What practical measures can you take in your school to move things forward?
- Understand that the personalisation agenda covers more than just more able students – it’s an opportunity to enhance provision for all in an inclusive way.
- Be clear about what is meant by personalisation (the DfES’s five components) – and establish what your school is already doing to address the personalisation agenda through audit/self-evaluation.
- Integrate personalisation with your own school’s vision for more able students and recognise the links to related areas – differentiation, inclusion, high expectations for all, DfES quality standards.
- Create an action plan to address personalisation, spanning classroom, schoolwide and community priorities – ensuring there are SMART targets which clarify the funds/resources to be committed to make things happen.
- Blend classroom practice (AfL, T&L, curriculum) and wider school/community approaches, learning from good practice elsewhere, to enhance educational opportunities for more able students.
- Harness the support of key partners to help achieve personalisation in your school – from parents to the LEA.
- Monitor and evaluate progress against clear objectives and be flexible to new opportunities and committed to building effective partnerships to achieve greater success.
Personalised learning is a banner for tackling a whole host of disparate issues which are already important to you. One of the things that excites me most about personalisation is its potential to unite such key concepts as inclusion, differentiation and high standards for all in a way that can permeate all aspects of a school’s work.
If the government truly believes in personalisation, then it must surely also believe that schools should be allowed to develop individual models of provision that are appropriate to local circumstances. If they can allow this to happen, then in personalisation they may have found an issue that can unite schools in a new and exciting way, while gaining the respect of the teaching profession for adopting a more inclusive approach to schools.
Brin Best is director of Innovation for Education.
Case study: A light touch
Progress towards personalisation was achieved at this school through a range small-scale initiatives over a two-year period.
Parents’ evenings were stopped and a student review day set up for each year group instead, in order for staff to provide more focused feedback for individual students. Individual appointment times were made with each form tutor, who assembled the comments of all teaching staff and fed these back to the student and parents during an intensive 20-minute session.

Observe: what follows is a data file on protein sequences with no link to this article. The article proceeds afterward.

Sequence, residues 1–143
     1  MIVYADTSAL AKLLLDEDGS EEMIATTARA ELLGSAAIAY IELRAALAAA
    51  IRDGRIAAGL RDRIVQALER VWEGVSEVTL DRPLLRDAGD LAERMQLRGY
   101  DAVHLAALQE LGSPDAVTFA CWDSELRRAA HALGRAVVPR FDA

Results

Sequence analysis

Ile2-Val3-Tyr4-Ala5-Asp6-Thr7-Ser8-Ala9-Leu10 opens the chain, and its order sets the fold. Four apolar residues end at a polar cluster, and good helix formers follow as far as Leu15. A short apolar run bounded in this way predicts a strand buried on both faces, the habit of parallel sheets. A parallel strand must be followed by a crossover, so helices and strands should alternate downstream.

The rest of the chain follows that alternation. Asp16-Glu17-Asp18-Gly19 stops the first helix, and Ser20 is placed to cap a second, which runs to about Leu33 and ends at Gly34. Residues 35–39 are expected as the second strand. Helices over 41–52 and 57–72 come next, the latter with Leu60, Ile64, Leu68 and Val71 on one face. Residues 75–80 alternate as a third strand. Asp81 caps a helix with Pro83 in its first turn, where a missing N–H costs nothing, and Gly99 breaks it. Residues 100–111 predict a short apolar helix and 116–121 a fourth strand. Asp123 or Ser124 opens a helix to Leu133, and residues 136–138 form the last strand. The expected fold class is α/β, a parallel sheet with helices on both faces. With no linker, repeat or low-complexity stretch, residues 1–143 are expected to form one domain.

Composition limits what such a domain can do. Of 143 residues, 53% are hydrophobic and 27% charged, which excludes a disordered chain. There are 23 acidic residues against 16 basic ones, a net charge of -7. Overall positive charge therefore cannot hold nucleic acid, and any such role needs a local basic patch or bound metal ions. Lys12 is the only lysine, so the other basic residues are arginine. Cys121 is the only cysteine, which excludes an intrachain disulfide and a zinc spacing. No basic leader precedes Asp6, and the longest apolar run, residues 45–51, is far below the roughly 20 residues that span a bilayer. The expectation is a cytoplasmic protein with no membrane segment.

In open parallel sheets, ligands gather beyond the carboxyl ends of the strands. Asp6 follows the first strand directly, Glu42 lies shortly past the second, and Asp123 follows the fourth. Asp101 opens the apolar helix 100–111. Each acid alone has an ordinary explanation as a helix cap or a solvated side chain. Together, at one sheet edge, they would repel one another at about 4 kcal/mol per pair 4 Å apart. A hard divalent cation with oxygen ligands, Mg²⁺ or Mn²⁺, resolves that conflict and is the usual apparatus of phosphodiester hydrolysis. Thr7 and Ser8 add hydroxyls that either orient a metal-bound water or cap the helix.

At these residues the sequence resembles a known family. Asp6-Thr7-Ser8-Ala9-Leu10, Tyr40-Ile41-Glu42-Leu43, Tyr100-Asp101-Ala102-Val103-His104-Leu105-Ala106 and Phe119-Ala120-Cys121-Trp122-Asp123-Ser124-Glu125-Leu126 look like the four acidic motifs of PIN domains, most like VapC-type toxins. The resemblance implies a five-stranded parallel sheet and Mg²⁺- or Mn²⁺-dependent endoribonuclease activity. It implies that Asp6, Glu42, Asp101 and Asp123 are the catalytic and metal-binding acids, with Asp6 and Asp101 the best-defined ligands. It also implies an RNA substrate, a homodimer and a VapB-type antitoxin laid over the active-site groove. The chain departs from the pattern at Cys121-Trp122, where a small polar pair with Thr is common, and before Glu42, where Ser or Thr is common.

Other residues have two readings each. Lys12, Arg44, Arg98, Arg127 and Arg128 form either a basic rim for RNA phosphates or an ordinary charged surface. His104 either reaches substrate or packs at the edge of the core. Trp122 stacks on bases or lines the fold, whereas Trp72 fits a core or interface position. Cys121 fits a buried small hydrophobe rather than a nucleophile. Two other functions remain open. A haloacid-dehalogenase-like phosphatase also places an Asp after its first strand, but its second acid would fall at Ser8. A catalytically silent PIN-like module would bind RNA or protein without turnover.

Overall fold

This new approach also provided the opportunity for personal targets to be reviewed and set. The school’s G&T coordinator was available for additional consultations on the day, with some students who had suffered particular challenges being called to interview with their parents. The number of students attending with their parents increased markedly during these review days, with many parents commenting that the new format provided a much more satisfactory way to receive feedback in a relaxed manner, which avoided the scrum-like atmosphere of parents’ evenings. Long queues and frustrating delays were avoided.
Work was also carried out in lessons to personalise learning. Several members of staff carried out learning preference questionnaires with students, which they used to tailor their teaching to appeal to the widest range of learners. Close attention was also paid to the results of these questionnaires by the G&T coordinator, who kept records for students in the cohort. End of unit tests in some subjects were restructured from being focused on the content students had learned, to determining the skills and knowledge they had gained, with a view to building on this in future learning. Finally, differentiated tests were introduced in certain subjects to make them more appropriate to the needs of more able students.
Case study: A strategic approach
This school chose to operate at a much more strategic level in order to create a step change in how personalisation was adopted across the school.
Personalisation for more able students was seen as just one facet of a wider mission to improve provision for all students, by tailoring provision to specific needs. The school’s G&T coordinator was closely involved at all stages.
Work began with a clarification of what the school wanted to get out of the new work, carried out collaboratively at a staff meeting. This was
led by senior leaders, but actively involved staff. This provided the foundation for a whole-school audit of existing work, which gave a baseline upon which future progress could be judged. Each department or team within the school was then asked to devise an action plan that would take the school several steps further to personalised learning within a year. These spanned curriculum innovations, new teaching and learning approaches and better relationships with parents and the wider community.
A personalisation team was set up to monitor progress and provide a means of communicating successes back to the whole staff. This group also ensured that personalisation was kept high on people’s agendas. A newsletter was set-up and there were regular updates at staff meetings. Senior leaders at the school gave their active support to the work and every member of staff knew that they had a role in helping the school achieve its vision.
This strategic approach, which was rolled out progressively over the course of a year, enabled the school to demonstrate a genuine effort to personalise learning for more able students and other groups.